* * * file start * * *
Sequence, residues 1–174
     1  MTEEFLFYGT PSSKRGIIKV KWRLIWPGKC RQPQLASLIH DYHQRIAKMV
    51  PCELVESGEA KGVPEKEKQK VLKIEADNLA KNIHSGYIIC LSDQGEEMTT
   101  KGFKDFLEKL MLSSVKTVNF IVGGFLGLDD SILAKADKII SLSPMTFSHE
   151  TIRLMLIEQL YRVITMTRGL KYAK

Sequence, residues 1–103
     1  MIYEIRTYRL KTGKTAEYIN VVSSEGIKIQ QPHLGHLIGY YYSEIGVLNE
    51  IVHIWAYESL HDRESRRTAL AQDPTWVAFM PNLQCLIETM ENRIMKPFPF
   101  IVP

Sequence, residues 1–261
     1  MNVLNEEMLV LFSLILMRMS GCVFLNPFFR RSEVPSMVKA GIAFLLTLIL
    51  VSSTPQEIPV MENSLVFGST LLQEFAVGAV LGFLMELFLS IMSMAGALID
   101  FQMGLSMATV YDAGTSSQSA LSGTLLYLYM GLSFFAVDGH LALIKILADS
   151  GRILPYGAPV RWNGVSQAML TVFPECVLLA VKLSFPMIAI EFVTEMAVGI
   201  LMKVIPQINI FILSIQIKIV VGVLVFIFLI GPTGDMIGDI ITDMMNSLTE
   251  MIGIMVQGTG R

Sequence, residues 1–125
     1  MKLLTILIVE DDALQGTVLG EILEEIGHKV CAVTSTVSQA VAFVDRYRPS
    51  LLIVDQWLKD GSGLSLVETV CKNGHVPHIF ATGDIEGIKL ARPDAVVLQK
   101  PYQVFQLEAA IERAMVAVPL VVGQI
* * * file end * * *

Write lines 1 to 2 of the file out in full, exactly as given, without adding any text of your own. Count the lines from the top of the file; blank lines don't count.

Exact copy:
Sequence, residues 1–174
     1  MTEEFLFYGT PSSKRGIIKV KWRLIWPGKC RQPQLASLIH DYHQRIAKMV